Gross motor skills are needed from the beginning of life. Children begin to use these skills when they learn to crawl and then walk and finally run.
Developing gross motor skills is an important key to toddlers’ and preschoolers’ daily development. The best way to develop these skills are to use them. This can be done by encouraging your students to use their large muscles. The easiest way to do this is to provide activities such as running, galloping, throwing a ball, dancing or any physical movement. Anything that keeps your students moving will accomplish this task.
In assist your students in developing their large muscles, create and provide activities that will give them the opportunity to strengthen their gross motor skills. Not only will it increase their muscle function, it will help develop their overall learning skills and create wonderful memories as well.
Gross Motor Development & Lessons
Encourage your students to engage in gross motor activities by setting up areas in the classroom to encourage them to use their large muscles. Provide learning centers or play areas that include toys such as blocks or construction toys. They can build them up and walk under and over them, and then kick or knock them down.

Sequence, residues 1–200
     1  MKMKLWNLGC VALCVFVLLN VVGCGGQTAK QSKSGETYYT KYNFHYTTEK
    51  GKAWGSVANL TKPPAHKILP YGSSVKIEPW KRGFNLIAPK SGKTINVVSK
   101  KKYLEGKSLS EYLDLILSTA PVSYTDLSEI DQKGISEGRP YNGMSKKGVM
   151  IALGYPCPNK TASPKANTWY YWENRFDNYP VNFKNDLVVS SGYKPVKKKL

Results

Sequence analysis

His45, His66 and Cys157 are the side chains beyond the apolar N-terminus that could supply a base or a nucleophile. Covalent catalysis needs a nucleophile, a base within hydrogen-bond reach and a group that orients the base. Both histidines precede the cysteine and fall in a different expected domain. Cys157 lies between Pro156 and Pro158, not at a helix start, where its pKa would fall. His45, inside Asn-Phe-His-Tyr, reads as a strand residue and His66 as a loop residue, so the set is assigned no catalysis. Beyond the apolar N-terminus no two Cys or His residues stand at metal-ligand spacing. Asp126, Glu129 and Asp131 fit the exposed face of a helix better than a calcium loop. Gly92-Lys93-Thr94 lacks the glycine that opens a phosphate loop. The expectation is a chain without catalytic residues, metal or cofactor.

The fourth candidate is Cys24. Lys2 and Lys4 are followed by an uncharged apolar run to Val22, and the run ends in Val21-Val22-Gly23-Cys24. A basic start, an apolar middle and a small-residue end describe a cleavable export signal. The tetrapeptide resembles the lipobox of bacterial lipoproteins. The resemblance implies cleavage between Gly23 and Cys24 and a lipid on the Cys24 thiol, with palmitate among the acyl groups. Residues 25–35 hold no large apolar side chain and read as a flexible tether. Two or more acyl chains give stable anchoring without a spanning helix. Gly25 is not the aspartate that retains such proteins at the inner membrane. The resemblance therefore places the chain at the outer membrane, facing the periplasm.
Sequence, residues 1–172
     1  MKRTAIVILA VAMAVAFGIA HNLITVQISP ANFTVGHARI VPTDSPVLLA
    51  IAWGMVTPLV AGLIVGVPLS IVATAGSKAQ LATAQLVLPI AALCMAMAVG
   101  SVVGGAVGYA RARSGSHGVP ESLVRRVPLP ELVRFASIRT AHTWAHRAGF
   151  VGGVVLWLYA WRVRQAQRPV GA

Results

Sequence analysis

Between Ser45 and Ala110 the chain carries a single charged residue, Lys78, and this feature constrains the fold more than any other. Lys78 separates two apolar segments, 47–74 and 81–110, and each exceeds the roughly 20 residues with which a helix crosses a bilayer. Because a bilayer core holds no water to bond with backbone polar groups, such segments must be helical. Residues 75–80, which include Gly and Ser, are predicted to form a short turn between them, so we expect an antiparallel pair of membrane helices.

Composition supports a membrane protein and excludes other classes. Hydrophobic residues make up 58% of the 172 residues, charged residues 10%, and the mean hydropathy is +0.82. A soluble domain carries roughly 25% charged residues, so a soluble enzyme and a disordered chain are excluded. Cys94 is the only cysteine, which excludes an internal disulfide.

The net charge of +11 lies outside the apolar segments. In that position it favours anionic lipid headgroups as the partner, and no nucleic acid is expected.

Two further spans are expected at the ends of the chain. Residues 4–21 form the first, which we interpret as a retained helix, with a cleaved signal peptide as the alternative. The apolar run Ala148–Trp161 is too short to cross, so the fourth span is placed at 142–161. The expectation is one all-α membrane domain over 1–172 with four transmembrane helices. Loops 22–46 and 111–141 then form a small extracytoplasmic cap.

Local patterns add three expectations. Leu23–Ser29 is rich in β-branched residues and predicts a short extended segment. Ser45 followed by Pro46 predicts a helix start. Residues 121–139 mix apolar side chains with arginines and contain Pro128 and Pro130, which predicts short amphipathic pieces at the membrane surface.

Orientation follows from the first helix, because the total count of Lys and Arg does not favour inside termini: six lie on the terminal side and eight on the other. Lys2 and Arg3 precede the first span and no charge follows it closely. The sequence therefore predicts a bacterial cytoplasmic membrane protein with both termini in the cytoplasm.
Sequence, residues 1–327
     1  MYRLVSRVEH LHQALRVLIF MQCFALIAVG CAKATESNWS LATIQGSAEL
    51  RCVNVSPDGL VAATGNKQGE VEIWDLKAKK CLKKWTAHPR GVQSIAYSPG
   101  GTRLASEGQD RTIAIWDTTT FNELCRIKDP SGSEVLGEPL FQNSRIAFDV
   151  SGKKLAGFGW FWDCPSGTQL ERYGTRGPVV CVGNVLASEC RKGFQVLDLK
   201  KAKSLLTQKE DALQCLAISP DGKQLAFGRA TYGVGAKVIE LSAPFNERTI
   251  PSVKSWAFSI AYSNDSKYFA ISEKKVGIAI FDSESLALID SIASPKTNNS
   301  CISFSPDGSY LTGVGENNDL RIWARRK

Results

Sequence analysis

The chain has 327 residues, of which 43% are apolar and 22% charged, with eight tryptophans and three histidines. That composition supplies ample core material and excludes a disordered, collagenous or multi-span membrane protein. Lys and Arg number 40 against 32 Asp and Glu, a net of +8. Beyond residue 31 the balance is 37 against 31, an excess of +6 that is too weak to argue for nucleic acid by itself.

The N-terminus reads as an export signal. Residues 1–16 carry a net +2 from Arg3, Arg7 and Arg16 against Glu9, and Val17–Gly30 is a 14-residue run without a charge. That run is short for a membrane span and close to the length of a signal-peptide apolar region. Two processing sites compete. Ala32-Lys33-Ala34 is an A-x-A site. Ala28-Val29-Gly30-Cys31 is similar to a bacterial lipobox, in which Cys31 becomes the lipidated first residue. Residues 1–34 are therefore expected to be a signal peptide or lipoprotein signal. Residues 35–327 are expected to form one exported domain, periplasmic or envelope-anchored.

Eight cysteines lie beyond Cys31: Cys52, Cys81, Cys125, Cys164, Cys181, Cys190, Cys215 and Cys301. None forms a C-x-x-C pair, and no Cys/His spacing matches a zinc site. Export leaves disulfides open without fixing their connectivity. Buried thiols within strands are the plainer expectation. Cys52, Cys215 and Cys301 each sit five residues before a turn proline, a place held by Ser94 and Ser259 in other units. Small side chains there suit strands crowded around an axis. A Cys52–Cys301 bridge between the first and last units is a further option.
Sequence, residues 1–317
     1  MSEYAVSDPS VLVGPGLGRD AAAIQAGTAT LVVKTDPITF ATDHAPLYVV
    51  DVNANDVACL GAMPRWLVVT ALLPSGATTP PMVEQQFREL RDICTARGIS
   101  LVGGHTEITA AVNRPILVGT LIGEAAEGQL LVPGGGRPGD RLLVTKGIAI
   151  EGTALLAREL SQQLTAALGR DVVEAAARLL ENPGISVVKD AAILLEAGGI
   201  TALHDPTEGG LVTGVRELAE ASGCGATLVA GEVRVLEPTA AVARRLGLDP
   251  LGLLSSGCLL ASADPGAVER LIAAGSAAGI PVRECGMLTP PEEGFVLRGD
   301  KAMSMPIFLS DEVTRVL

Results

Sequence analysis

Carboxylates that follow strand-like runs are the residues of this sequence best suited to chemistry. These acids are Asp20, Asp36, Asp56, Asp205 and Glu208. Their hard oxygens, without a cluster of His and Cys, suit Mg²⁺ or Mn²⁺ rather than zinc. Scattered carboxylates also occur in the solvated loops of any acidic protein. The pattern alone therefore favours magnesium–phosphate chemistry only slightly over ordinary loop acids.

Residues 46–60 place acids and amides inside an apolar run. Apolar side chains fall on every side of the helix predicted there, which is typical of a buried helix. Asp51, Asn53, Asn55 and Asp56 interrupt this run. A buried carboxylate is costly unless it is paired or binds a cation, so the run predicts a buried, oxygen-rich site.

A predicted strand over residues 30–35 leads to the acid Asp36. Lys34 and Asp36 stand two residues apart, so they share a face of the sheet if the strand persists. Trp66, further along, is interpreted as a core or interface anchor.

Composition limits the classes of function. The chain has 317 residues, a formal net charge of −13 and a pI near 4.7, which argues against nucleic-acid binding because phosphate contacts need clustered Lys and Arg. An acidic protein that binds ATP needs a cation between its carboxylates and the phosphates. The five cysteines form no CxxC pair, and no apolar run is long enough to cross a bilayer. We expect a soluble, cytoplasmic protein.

Display an area of textured indoor balls that they can roll back and forth or provide an empty box preschoolers can crawl in to and out of. Another fun idea is to keep bubble wrap so students can jump on it and hear the bubbles pop.
Don’t forget the traditional games that get your students up and moving such as “Duck, Duck Goose,” “Head, Shoulders, Knee and Toes,” and “London Bridge.” All these games encourage students to get up and move their muscles.
Some general tips to keep in mind when creating activities are:
- Activities should be short and brief.
- Keep activities age appropriate.
- Limit activities to small groups versus large ones.
The articles below help you assess and improve your techniques for teaching your students to use their gross motor skills. Use this information to establish physical activity in your classroom.